The solution to the crisis between Moscow and Kiev will necessarily have to proceed on the military and diplomatic track
FROM OUR CORRESPONDENT
BERLIN – The great Russian maneuvers have begun. But not those of the invasion ofUkraine, fortunately destined to remain the avatar of a media war between Moscow and Washington. But those of a partial military and political de-escalation, which Vladimir Putin prepares to orchestrate after having achieved some important goals, albeit paying for unwanted consequences. it is still too early to talk about the end of the Ukrainian crisis, which has been holding the international community in suspense for weeks now. But there are significant signs that the peak of the worst East-West confrontation since the Cold War has been reached and passed.
Yesterday, the Russian Defense Ministry made it known that some of the troops deployed in the border regions of Ukraine have started returning to the bases, after finishing the exercises. The agency Interfax he specified that even the soldiers deployed in the Crimea have begun to return to the barracks. The maneuvers, however, continue in the rest of the border areas. The announcement comes in addition to indications provided on Monday by Sergei Shoigu, the Minister of Defense, according to which the simulations in Belarus are also about to end. it was the first concrete signal of relaxation on the military level to come from Moscow, in tune with the change of tone inaugurated on Monday by Foreign Minister Sergej Lavrov. In a clearly prepared staging, in the presence of Putin who observed nodding, Lavrov had declared himself in favor of continuing diplomatic efforts to defuse it.. Yesterday the Kremlin sphinx also spoke, declaring himself ready for dialogue with the West.
The first Ukrainian reaction to the announcement of the end of the maneuvers was skeptical. Foreign Minister Dmytro Kuleba said Kiev will believe de-escalation when it sees a full-blown withdrawal. The Americans are also skeptical, according to which Russia remains in any case able to launch an offensive at any moment. NATO Secretary General Jens Stoltenberg is skeptical, according to whom the Russians have sometimes faked a withdrawalleaving heavy weapon systems in place for later use.
What will it take then for the Kremlin’s apparent relaxing intentions to be credible and taken seriously? And again: in what concrete way is it possible to get out of the crisis, once the invasion scenario has been denied?
The solution will necessarily have to proceed on the double military and diplomatic track. Vladimir Putin neither wants nor can afford to keep up the expensive and dangerous toy he has put in place, especially since it has already served him to obtain a series of not negligible results: He has placed himself at the center of American foreign policy and international conversation and it has gained China’s support in the sense that it doesn’t have to worry about any problems at the border with Beijing, explains Fiona Hill, a Russian expert at the Brookings Institution, a former member of the National Security Council in the Trump administration. But to progressively dismantle it he needs to be able to boast a bonus at the diplomatic table.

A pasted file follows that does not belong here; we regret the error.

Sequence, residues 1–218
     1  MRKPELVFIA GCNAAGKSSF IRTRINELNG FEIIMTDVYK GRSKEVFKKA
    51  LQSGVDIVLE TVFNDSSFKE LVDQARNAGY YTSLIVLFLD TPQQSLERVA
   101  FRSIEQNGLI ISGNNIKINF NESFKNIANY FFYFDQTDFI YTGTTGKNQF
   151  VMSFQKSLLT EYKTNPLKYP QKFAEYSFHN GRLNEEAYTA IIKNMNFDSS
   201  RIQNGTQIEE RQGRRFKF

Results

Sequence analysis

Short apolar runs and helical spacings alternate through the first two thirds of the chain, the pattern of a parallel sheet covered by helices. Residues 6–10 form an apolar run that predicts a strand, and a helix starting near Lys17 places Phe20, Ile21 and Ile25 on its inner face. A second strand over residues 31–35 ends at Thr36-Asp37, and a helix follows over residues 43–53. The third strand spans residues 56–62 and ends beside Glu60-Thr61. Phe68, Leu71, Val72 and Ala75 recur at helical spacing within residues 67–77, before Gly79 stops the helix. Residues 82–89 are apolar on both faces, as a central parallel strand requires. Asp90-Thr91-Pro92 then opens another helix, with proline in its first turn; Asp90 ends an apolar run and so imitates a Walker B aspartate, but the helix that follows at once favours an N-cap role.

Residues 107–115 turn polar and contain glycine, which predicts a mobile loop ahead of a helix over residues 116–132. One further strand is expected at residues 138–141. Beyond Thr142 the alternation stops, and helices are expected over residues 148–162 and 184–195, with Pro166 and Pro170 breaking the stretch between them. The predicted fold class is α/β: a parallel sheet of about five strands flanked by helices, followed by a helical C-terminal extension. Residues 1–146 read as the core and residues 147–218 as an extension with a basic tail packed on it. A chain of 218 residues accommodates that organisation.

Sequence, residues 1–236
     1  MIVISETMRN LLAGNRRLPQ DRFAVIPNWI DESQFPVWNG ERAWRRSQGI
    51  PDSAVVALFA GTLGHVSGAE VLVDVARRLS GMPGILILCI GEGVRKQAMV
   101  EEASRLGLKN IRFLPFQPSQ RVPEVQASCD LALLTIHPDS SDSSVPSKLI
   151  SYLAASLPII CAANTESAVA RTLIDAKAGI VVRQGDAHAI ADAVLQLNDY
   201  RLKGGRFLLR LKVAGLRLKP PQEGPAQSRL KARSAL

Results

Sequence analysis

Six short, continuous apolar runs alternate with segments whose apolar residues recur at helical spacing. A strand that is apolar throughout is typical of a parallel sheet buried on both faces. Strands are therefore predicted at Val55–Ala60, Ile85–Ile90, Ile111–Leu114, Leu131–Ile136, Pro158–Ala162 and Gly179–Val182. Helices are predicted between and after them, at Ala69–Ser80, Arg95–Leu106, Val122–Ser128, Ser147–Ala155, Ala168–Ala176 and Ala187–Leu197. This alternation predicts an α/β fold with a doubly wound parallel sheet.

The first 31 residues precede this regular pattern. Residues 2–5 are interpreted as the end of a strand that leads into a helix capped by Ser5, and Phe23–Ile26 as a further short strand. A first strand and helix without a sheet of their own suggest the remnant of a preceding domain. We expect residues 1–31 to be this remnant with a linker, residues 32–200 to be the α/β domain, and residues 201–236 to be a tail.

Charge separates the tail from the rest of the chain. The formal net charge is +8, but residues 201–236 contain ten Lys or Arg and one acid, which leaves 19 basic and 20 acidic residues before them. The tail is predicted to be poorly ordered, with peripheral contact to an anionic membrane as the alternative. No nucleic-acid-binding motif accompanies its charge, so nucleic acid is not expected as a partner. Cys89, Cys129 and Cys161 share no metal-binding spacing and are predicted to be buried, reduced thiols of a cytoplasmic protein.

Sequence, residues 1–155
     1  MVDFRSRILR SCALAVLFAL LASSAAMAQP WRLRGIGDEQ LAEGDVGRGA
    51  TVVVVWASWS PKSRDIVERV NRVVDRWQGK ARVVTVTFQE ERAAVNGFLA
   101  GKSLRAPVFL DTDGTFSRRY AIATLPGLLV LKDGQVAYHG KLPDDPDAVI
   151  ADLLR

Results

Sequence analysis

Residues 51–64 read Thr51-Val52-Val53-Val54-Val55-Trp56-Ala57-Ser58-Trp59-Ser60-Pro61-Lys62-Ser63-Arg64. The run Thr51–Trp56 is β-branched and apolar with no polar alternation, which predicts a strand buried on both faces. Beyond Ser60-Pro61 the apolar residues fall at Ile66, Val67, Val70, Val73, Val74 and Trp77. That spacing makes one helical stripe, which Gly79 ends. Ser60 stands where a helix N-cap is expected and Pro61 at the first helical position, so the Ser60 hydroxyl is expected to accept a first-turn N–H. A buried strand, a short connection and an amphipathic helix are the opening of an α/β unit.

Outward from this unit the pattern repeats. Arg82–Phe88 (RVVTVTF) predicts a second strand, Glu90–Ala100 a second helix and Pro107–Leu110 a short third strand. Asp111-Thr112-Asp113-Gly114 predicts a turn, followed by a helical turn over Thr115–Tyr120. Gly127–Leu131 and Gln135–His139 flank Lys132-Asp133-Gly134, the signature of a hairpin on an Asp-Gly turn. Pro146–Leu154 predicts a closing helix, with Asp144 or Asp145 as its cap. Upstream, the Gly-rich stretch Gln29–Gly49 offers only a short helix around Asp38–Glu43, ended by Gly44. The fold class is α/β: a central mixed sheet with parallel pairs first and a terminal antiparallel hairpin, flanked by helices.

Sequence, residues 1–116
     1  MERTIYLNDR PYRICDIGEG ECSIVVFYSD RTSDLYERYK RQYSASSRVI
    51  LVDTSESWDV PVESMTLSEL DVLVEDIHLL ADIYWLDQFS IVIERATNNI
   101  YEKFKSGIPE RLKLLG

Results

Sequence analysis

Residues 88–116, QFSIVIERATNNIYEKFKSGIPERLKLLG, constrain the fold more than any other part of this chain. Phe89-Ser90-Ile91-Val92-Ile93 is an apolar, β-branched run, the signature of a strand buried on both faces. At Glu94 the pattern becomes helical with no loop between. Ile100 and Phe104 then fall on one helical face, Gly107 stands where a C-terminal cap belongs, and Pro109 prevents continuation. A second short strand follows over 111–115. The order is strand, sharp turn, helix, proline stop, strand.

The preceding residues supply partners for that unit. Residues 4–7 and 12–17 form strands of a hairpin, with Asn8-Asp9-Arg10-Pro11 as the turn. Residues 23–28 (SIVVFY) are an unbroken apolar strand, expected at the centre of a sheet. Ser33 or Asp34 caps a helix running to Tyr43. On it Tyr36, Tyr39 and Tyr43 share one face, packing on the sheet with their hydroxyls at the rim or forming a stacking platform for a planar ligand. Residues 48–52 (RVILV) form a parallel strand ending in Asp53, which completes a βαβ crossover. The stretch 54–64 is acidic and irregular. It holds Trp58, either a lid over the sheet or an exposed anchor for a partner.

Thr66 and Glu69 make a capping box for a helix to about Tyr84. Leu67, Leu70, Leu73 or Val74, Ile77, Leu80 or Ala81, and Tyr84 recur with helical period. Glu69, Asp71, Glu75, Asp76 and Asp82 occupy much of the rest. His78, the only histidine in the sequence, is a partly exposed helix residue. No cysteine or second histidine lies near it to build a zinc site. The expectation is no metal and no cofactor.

Certainly Putin had not calculated the strong American reaction and the glue effect his war games had on NATO: Unwittingly Putin became the second father of the Alliance, says former German foreign minister Joschka Fischer. For this now he must find a way out that allows him to save face. The Kremlin leader knows very well that the requests made to the United States, first of all that of closing the door of NATO to Ukraine forever, are inadmissible. But he also knows that there is no concrete possibility for Kiev to join the Alliance in the next ten or twenty years.
in this rift of ambiguity that compromise can be forged. It became clear to us in the meeting between German Chancellor Olaf Scholz and Ukrainian President Volodymyr Zelenskyy, both ready to say that the king naked: Ukraine’s entry into NATO is not on the agenda. The problem is finding a way to affirm it, without questioning its cardinal principle: the policy of open doors on the basis of which every sovereign country has the right to request accession to the Atlantic Pact. In short, it is a question of saying the obvious, but giving it some formal dress. The diplomatic negotiation will revolve around this verbal exercise (which is also substantial) plus a series of collateral but no less important tables, which are those of disarmament and security: elimination of intermediate nuclear missiles, new treaty to limit strategic ones, mutual trust measures such as a new inspection regime.
Of course, the evil is hidden in the details. And as long as the technical possibility of Russian military action is in place, there is little chance that diplomacy will also make progress. The two things stand or fall together.